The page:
Props to the Kids in the Hall (oh, you'll see why), and to Sars, even though she didn't watch this episode and really can't appreciate what I went through this week.
Previously on Dawson's Creek: The late, lamented Principatundé sentenced Pacey to be some poor child's mentor; Dawson was annoyed that his parents pretended to be married (for the purposes of deceiving that B & B critic); Pacey bought Joey a wall, and she marveled at his ability to challenge her in new and unexpected ways.
In a wood-paneled SUV, Joey "Rembrat" Potter is telling Pacey "Darrill" Witter that she never thought she'd ever have a practical use for those ballroom dance lessons she took. Pacey is surprised to learn that there's going to be dancing at "this thing," which he thought Joey'd told him was only "self-congratulatory award-giving." While driving, he unfolds a flyer (kids, don't try that at home), and Joey tells him that she's going to a very important ceremony where A.J. will be reading his work in front of professors and other poobahs from his department (and I guess Sars's invitation got lost in the mail, because I know how much she'd enjoy seeing that), and that A.J.'s the youngest student ever to win the -- "Creative Viting [sic] Award?" Pacey reads off the flyer. When I first watched the show (without the closed captions on), I thought he was suggesting that A.J. had won the Creative Biting Award, in which case I would have been able to support his win wholeheartedly; A.J. does bite in new and creative ways no other person could hope to match or imitate. Joey says that Pacey's misreading the calligraphy, which style of lettering Pacey dismisses as "pretentious." Joey glares. Pacey tells her not to mind him, and just to have a good time this weekend. Joey very seriously says, "I will. I mean, this could be the most romantic night of my life. I mean, it's not every day that I get invited to elegant dinners with distinguished guests, accompanied by a friend who --" Pacey takes issue with Joey's describing A.J. as a "friend," and Joey shrugs and stammers for a while until Pacey informs her that she and A.J. are "friends who kiss." As if speaking to a particularly stupid child, Joey patiently explains to Pacey that long-distance relationships don't necessarily follow the same structures and rules as other types of relationships -- short-distance relationships, I guess. As he pulls into a parking lot and walks around the back of his car to open the trunk, Pacey agrees, and says that's why a long-distance relationship is perfect for her -- because it's not real. Joey asks what he means, and he tells her that for her to get to put on a "pretty dress and go to the ball with college Prince Charming" isn't real, but a fairy tale. I'll say; the word "charming" should never appear anywhere close to a descriptive phrase about A.J.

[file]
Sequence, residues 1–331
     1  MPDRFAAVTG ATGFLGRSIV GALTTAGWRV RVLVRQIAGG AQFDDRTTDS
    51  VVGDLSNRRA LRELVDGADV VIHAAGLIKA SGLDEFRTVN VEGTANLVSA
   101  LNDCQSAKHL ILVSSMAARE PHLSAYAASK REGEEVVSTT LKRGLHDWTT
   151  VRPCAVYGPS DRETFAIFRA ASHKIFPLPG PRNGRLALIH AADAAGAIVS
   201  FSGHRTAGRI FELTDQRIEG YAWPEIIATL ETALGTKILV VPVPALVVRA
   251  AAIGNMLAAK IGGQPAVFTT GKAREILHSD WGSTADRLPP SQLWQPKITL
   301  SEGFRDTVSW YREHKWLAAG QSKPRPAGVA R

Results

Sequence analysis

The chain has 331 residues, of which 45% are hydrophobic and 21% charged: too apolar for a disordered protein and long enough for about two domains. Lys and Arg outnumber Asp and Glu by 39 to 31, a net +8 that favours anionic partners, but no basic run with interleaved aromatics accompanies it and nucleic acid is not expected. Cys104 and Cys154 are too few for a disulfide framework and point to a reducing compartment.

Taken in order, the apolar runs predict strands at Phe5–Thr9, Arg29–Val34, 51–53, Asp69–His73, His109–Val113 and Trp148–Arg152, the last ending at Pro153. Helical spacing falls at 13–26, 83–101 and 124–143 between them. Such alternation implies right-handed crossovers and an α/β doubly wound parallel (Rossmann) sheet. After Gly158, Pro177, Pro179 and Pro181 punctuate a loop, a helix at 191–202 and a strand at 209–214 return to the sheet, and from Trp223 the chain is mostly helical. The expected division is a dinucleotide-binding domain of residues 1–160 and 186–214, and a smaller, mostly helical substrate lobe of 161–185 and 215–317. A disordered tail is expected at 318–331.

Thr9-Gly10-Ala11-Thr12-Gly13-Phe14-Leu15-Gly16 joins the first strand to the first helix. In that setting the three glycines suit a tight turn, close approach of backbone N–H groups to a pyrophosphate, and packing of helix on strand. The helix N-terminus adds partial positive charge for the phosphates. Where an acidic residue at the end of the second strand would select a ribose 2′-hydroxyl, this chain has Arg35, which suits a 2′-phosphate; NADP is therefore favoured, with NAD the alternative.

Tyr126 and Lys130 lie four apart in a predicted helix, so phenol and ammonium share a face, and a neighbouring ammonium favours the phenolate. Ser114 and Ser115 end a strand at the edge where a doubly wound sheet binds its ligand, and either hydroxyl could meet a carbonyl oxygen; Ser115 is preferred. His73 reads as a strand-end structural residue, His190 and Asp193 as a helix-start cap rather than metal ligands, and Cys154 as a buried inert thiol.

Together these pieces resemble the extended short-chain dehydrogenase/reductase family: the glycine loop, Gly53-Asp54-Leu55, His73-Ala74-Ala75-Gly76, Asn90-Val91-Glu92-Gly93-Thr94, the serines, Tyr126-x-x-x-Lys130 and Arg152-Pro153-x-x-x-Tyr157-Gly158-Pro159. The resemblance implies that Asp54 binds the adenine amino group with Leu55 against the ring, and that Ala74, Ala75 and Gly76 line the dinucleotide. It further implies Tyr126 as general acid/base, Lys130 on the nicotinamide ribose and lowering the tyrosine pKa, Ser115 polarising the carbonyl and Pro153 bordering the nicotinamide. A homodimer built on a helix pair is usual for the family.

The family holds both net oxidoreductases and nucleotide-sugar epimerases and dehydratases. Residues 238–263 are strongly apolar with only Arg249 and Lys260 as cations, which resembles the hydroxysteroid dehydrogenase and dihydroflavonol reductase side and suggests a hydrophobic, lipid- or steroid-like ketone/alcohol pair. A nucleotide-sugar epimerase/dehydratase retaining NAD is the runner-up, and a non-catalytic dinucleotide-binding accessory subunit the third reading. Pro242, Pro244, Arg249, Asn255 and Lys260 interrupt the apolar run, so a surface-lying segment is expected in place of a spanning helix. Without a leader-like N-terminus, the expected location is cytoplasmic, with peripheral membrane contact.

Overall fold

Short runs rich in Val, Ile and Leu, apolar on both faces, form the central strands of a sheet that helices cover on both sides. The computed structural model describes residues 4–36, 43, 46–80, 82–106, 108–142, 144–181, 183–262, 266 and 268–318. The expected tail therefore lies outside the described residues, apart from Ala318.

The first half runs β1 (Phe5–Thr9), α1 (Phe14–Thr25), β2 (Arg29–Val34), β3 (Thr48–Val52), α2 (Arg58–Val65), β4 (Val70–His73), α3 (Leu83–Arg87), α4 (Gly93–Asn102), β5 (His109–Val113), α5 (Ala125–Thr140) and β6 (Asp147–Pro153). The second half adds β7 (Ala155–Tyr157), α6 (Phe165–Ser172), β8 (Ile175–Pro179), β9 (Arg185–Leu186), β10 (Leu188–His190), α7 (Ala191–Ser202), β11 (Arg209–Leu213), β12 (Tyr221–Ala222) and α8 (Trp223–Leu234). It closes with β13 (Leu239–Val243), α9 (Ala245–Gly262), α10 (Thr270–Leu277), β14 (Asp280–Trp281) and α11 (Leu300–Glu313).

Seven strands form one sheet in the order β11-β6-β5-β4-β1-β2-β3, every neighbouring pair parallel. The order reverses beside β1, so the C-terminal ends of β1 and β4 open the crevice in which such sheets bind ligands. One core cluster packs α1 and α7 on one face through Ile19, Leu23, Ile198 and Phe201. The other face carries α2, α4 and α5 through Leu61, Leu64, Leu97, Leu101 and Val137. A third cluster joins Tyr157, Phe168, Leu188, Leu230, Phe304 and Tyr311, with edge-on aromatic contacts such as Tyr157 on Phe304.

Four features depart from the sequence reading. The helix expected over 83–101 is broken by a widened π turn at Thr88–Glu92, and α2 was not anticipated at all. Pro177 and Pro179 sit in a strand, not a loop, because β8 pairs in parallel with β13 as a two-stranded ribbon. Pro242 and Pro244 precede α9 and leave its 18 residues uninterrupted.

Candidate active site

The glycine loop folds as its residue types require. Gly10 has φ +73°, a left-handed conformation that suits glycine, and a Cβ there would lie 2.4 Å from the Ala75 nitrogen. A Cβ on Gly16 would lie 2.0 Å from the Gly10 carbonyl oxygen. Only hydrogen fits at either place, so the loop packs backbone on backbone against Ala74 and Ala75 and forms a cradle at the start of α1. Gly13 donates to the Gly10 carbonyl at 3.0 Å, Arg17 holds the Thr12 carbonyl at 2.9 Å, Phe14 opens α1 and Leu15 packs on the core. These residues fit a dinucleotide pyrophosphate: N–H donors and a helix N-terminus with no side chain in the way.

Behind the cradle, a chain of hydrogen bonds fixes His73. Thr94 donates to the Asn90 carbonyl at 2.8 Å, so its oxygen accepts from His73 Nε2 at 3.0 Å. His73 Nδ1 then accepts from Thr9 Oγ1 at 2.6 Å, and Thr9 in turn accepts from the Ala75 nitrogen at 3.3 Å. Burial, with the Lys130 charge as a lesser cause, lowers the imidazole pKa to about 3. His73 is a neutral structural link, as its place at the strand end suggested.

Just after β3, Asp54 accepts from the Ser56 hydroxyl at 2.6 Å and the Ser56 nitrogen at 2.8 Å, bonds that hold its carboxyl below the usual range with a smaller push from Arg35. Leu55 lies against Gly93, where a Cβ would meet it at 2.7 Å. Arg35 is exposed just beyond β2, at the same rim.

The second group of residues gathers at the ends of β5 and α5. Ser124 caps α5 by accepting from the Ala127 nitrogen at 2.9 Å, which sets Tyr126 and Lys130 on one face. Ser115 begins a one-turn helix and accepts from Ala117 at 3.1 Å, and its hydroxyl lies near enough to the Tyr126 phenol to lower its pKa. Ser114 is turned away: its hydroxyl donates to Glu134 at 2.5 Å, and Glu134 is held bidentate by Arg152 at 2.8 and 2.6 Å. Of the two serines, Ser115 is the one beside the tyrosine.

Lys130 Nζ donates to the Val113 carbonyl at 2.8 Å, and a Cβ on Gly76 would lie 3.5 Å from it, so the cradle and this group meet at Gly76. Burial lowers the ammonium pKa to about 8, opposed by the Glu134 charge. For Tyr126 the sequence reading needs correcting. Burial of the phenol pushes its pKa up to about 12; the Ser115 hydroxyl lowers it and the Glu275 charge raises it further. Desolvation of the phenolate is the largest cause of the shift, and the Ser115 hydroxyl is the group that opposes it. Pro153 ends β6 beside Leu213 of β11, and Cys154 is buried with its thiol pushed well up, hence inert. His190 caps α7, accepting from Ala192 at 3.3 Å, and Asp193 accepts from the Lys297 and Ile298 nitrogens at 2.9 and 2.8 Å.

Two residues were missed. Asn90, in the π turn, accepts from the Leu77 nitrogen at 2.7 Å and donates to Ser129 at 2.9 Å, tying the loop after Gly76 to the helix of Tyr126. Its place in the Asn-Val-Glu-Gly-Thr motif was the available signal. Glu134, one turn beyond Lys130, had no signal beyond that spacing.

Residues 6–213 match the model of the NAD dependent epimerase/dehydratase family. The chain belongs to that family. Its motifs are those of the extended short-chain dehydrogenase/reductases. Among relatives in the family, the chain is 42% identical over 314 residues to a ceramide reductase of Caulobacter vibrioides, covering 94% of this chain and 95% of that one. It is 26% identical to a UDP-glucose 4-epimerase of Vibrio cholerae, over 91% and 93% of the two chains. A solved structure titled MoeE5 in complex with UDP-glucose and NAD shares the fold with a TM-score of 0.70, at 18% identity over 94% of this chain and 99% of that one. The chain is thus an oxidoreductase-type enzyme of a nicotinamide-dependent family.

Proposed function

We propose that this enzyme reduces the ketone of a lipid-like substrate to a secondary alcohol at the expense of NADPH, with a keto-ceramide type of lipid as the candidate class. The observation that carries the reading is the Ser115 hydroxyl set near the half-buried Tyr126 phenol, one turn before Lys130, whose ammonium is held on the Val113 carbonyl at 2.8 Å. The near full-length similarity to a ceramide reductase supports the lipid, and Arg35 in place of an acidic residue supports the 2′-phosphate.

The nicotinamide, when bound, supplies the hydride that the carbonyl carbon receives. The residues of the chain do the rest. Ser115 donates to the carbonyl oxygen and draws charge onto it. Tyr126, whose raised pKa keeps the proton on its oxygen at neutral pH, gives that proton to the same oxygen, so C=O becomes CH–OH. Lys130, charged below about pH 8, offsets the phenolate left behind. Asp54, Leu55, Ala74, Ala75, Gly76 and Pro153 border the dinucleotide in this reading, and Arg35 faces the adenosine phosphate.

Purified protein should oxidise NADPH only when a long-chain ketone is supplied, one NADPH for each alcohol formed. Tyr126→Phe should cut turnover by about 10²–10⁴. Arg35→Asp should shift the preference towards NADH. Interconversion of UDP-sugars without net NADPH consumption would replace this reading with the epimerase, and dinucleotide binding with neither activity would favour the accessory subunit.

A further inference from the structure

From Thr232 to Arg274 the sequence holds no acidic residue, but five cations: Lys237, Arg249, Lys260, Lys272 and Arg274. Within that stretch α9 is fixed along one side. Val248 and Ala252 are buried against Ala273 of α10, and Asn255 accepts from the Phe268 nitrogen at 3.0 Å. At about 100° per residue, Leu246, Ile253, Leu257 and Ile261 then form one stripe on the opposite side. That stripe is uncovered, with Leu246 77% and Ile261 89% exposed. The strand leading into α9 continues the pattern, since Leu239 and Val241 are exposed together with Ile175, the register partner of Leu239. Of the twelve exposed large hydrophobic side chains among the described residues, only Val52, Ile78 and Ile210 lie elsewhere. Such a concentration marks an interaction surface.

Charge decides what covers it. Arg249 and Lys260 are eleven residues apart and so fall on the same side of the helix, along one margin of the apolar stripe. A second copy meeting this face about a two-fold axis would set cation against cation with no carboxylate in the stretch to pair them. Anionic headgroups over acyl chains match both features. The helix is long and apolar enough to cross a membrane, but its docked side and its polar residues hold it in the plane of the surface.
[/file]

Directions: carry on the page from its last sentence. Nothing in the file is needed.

Joey tells Pacey that, "fairy tale or not," she still feels what she feels, though she has yet to tell anyone exactly what she does feel. Which is just as well, because, again, I don't want to hear those words in close proximity to the initials A and J, either. Pacey, without meeting her gaze, says that what Joey has is "an eyes-closed wish." Joey chirps -- all together now: "Sometimes wishes come true." Instead of responding to this truism by projecting a spray of vomit all over Joey's American Eagle Outfitters coat, Pacey agrees that wishes do come true, but ultimately, reality creeps in. Ignoring her sneer, he goes on: "The clock inevitably strikes midnight. And then it's pumpkin city. The fantasy fades." Stop. Talking. Joey shoulders her bag and mutters, "Try to have a good weekend, Pacey. Thanks for the ride" He watches her head into the train station and calls after her, "Have a good time!" As the strains (and I do mean "strains") of the theme song swell, Pacey looks wistful. Gee, I wonder if they'll kiss at some point during this episode. Wait, no, I don't wonder anything of the kind, because I've already seen them kiss four thousand times every time there's a station break on the WB.